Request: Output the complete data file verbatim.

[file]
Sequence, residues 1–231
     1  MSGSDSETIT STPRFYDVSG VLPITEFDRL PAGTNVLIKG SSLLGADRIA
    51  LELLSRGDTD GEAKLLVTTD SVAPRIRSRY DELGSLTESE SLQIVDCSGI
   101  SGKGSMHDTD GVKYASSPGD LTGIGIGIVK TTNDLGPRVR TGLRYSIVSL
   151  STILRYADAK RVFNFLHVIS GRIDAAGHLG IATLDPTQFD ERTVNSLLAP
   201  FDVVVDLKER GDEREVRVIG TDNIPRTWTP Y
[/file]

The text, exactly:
Sequence, residues 1–231
     1  MSGSDSETIT STPRFYDVSG VLPITEFDRL PAGTNVLIKG SSLLGADRIA
    51  LELLSRGDTD GEAKLLVTTD SVAPRIRSRY DELGSLTESE SLQIVDCSGI
   101  SGKGSMHDTD GVKYASSPGD LTGIGIGIVK TTNDLGPRVR TGLRYSIVSL
   151  STILRYADAK RVFNFLHVIS GRIDAAGHLG IATLDPTQFD ERTVNSLLAP
   201  FDVVVDLKER GDEREVRVIG TDNIPRTWTP Y